There are a number of compelling reasons that make Canada an ideal avenue for expansion among U.S. brands, including a lower level of “shopping” square footage per capita, relative ease in merchandise distribution, and the existing affinity Canadians have for American brands.
However, mistakenly placing Canada in the same context as expanding across the continental U.S. has continually caused brands to struggle to win the hearts and wallets of Canadian consumers.
There are pragmatic considerations at play in Canada that influence the deep well of emotions we make purchase decisions from.
As the Huffington Post commented, “the cost of doing business in Canada, which is significantly higher than in the US, and consumer preferences, which have their differences and nuances.” Recent research indicates that about 95% of the purchase decision is emotional, however, I argue there are pragmatic considerations at play in Canada that influence the deep well of emotions we make purchase decisions from.
First a few characteristics that are taking root across North America:
- Heightened demand for convenience-oriented products/services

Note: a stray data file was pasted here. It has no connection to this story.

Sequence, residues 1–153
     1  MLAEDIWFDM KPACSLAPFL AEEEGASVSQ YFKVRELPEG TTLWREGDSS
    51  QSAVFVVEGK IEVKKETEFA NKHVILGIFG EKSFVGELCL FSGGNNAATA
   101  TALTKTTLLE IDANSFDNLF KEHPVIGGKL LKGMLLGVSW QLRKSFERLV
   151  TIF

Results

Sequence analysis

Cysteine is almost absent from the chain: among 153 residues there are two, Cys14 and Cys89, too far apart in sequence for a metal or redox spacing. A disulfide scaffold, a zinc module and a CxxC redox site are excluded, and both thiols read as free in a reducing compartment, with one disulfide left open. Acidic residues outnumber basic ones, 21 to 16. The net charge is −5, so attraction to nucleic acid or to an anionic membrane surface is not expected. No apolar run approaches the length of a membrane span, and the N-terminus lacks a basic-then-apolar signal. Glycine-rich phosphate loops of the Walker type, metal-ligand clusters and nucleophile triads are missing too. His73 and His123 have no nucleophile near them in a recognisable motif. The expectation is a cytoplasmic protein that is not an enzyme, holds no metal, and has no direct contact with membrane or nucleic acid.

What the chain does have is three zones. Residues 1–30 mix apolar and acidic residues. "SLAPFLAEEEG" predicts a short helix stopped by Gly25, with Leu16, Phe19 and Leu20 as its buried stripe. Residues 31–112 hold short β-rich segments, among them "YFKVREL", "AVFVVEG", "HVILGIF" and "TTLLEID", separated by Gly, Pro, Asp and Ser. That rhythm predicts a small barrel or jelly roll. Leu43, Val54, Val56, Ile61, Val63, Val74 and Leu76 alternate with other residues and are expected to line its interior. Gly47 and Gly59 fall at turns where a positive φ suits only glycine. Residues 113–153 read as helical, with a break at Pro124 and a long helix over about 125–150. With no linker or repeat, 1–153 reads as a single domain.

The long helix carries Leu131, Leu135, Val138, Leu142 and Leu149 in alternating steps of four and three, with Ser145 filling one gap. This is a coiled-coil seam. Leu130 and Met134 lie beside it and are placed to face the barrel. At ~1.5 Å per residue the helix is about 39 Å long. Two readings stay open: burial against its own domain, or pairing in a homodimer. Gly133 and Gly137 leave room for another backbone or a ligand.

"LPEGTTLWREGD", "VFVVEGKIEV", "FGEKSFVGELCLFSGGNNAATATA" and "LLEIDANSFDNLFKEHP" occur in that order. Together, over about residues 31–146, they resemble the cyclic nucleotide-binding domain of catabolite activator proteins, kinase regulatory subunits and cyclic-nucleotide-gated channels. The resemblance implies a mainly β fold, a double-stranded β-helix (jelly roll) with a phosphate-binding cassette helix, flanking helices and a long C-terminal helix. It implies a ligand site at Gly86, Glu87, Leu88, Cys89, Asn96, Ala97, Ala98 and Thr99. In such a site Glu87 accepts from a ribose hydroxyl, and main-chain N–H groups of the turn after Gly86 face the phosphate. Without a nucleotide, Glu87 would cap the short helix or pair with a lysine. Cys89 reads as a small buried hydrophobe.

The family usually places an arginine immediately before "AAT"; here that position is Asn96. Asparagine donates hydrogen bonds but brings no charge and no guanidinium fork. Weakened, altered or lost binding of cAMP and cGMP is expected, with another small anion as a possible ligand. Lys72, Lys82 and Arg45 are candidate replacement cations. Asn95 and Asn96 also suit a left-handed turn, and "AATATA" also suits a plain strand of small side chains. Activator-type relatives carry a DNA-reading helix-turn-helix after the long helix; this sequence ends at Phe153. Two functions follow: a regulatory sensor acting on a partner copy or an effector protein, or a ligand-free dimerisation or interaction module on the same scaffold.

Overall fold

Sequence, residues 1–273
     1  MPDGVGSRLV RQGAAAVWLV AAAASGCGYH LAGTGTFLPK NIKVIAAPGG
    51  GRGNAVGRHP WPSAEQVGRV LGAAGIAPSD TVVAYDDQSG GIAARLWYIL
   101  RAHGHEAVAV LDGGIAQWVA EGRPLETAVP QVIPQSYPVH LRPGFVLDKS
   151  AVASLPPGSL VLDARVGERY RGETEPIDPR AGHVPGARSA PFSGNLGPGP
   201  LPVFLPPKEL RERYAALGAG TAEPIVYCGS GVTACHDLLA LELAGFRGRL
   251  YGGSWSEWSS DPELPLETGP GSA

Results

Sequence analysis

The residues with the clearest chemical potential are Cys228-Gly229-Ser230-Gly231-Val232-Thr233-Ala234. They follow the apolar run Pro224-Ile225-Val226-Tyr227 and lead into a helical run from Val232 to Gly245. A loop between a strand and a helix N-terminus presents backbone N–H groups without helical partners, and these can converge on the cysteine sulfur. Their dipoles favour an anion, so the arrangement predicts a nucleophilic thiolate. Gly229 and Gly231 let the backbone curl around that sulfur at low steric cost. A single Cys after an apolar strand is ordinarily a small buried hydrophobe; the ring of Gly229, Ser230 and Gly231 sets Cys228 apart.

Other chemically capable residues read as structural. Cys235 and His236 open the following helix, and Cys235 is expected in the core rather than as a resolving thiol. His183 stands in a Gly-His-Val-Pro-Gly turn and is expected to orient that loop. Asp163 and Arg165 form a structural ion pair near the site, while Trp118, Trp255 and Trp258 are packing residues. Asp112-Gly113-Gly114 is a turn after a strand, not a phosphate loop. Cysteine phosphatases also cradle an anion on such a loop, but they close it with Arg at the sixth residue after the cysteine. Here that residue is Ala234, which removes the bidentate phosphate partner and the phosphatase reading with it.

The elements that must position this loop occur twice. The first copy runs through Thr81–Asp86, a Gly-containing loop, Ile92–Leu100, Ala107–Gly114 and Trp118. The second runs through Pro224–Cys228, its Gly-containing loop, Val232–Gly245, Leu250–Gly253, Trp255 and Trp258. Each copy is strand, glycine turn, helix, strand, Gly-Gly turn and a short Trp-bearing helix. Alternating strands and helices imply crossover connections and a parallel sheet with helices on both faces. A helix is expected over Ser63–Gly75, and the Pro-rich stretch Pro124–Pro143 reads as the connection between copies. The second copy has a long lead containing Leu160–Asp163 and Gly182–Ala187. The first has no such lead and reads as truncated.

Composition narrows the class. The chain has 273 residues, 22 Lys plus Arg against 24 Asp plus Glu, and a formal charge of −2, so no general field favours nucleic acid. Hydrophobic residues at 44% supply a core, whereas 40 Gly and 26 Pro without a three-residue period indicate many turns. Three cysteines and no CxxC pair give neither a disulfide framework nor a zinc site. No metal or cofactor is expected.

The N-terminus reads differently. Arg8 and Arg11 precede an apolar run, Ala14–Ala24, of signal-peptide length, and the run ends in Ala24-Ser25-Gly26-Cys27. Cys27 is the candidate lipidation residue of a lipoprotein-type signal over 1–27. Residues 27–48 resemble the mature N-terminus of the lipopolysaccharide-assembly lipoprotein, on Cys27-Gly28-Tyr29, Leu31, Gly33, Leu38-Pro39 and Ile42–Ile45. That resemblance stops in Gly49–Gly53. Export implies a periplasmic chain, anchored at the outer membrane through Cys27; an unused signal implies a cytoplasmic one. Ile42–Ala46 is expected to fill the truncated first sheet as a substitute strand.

- Compressed schedules, over-burdened lifestyles
- Increasing health issues (related to point #2)
- Growing price consciousness
- Rising education attainment
Now some distinct differences:
- Primary ethnicity (other than Caucasian) in Canada is Asian vs. Hispanic in the U.S.
- Canadians’ prioritize nutrition and quality (in food, for example) over American’s preference for taste, convenience and value for dollar (I’ll come back to this)
- Single-person households are growing faster in Canada, despite the cost of homeownership being substantially higher than the U.S.
- Average personal income in the U.S. $35,950 vs. Canada $26,888
Long story short, it costs more to live in Canada than the U.S. and earnings don’t start at parity. Canadians are a consumer group who face more financial restrictions on their available discretionary income.
Marketers in Canada have to work harder for every transaction dollar than their U.S. counterparts.
This creates a unique environment for how Canadian consumers evaluate and justify purchases and perceive overall levels of value for dollar. Marketers in Canada have to work harder for every transaction dollar than their U.S. counterparts and the so-called soft attributes of a brand play a stronger role in Canada.
Despite the seemingly “harsh” consumer climate Canadians live with, there is significance in the fact that demand for deep discounts don’t rival their neighbours to the south. Canadians participate in fewer loyalty programs, and adoption of U.S. brand entry to Canada hasn’t been met with widespread acceptance, see poster child Target, yet the ingredients for loyalty remain very similar across North America—value. What does value mean to your customer and how can your organization align to provide more of it?